We’re big fans of web fonts and rely heavily on Typekit and other font services in our products. Unfortunately, web fonts are, by nature, limited to the web and can’t be used on the desktop in InDesign or Photoshop. This makes it somewhat difficult to design an entire product using a font we don’t own a physical copy of.
You may know that Adobe aquired Typekit back in 2011. Adobe has been working on a solution to sync fonts from Typekit to the desktop (“Creative Cloud”) to be used in mockups. While this is a vast improvement on what’s currently possible, we feel that there are some drawbacks:
You won’t be able to use ALL fonts from Typekit, even if you pay for the service. Fonts must be licensed additionally for use on the desktop, which means only a subset of the available fonts can be used from foundries who have approved this type of use.
In addition to a Typekit subscription, the “Creative Cloud” is yet another subscription service costing about $50 a month.
Foundries may not be keen on letting people have their fonts on the desktop for $50 a month when some of their families cost upwards of $1000 to license.
You may also be aware of a service called Typecast. We used this for a bit and liked it, but over time found it to be somewhat cumbersome with our workflow and feel there are some drawbacks:
Typecast lacks the ability to style elements like ul and ol or even table and others.
There’s no way to float an img into a paragraph to see how type will flow around it.
Since Typecast exports your all your project’s elements as one huge PNG image, it’s a logistical nightmare to slice things up to use in various parts of the mockup.
The app itself is nice, but is a bit slower than writing the HTML and CSS manually.
We’re hackers, so we set out to solve this pain point for ourselves. Our tool, called Character, is a simple app that lets us manage typographic components for projects using fonts from Typekit and other services. It works in a browser, and here’s what it does:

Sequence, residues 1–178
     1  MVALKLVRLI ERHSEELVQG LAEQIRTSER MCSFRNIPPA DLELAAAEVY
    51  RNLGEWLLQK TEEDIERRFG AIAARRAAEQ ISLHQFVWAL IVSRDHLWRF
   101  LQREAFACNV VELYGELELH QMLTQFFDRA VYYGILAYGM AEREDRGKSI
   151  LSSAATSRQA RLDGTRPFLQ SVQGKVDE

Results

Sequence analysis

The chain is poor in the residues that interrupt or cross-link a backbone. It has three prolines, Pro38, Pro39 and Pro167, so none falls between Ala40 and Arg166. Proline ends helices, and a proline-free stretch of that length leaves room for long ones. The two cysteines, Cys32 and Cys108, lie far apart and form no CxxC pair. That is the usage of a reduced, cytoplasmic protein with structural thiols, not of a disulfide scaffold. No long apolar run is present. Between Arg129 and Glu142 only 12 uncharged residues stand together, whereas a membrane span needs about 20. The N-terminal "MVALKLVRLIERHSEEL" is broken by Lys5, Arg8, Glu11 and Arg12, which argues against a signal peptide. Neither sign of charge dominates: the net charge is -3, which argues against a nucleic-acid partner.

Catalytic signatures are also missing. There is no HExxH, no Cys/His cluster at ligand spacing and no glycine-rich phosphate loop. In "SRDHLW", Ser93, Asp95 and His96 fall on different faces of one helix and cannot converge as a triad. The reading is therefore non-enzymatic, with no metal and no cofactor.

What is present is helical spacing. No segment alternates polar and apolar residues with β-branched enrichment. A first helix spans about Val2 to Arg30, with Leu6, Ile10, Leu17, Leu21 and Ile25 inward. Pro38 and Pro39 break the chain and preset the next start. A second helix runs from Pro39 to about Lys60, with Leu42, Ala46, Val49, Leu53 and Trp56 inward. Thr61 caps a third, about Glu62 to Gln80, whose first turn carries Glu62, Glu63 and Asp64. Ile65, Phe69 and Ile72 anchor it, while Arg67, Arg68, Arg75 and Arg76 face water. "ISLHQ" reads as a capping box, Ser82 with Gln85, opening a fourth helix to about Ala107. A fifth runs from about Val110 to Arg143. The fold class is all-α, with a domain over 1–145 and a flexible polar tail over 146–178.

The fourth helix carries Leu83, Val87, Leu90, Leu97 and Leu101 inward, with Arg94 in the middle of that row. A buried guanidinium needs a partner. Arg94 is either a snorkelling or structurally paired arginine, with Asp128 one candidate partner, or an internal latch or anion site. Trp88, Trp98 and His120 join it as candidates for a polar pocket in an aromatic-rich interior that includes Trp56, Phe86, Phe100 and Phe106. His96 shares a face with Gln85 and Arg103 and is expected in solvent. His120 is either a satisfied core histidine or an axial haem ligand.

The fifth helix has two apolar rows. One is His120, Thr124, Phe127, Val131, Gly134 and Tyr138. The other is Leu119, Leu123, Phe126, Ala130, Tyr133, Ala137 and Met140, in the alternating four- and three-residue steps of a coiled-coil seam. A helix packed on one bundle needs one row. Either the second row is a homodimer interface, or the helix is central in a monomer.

In the browser, it manages projects by displaying all typographic elements for each project in a list, which you can then click on and export to PNG for use in mockups. You get to see your components using Typekit fonts in real time.
On your machine, it maintains a file system to keep track of versions and PNG assets.
It allows you to use your favorite editor to manually create and style the HTML and CSS of any element you need.
Character is based on a simple Sinatra app using the HTML5 Boilerplate, Compass, CoffeeScript and Sprockets. I used l3ck’s sinatra-boilerplate as a starting point and it works fantastic.
All components can be “versioned” through a naming scheme (nav-001.html, nav-002.html) so multiples of the same component can be linked in the mockup.
There is no database. Instead, we opted to use a directory that you create on your machine to populate projects. A separate folder of projects is checked into git and can shared with the entire team easily. This directory is isolated from the application itself and only includes components and styles used for the mockup, and later in the project’s application.
Inside the app, each component is loaded in an iframe with its own styles defined from the project.
Not quite done yet…
The app is still in progress and has no visual design, but we’re working on it!
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